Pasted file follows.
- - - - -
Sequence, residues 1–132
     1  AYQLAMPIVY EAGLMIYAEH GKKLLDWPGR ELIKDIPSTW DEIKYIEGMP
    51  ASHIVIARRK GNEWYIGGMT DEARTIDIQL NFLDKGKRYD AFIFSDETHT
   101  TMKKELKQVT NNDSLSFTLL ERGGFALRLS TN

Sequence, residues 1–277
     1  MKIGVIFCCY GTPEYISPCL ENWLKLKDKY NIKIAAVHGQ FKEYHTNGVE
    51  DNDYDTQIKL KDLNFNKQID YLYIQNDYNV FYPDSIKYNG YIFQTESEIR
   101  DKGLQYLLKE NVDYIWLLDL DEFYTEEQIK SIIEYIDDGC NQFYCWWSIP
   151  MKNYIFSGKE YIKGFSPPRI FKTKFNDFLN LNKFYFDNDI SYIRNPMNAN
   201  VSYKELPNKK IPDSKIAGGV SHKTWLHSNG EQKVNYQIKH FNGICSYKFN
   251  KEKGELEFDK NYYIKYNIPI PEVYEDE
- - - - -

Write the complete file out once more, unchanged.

Sequence, residues 1–132
     1  AYQLAMPIVY EAGLMIYAEH GKKLLDWPGR ELIKDIPSTW DEIKYIEGMP
    51  ASHIVIARRK GNEWYIGGMT DEARTIDIQL NFLDKGKRYD AFIFSDETHT
   101  TMKKELKQVT NNDSLSFTLL ERGGFALRLS TN

Sequence, residues 1–277
     1  MKIGVIFCCY GTPEYISPCL ENWLKLKDKY NIKIAAVHGQ FKEYHTNGVE
    51  DNDYDTQIKL KDLNFNKQID YLYIQNDYNV FYPDSIKYNG YIFQTESEIR
   101  DKGLQYLLKE NVDYIWLLDL DEFYTEEQIK SIIEYIDDGC NQFYCWWSIP
   151  MKNYIFSGKE YIKGFSPPRI FKTKFNDFLN LNKFYFDNDI SYIRNPMNAN
   201  VSYKELPNKK IPDSKIAGGV SHKTWLHSNG EQKVNYQIKH FNGICSYKFN
   251  KEKGELEFDK NYYIKYNIPI PEVYEDE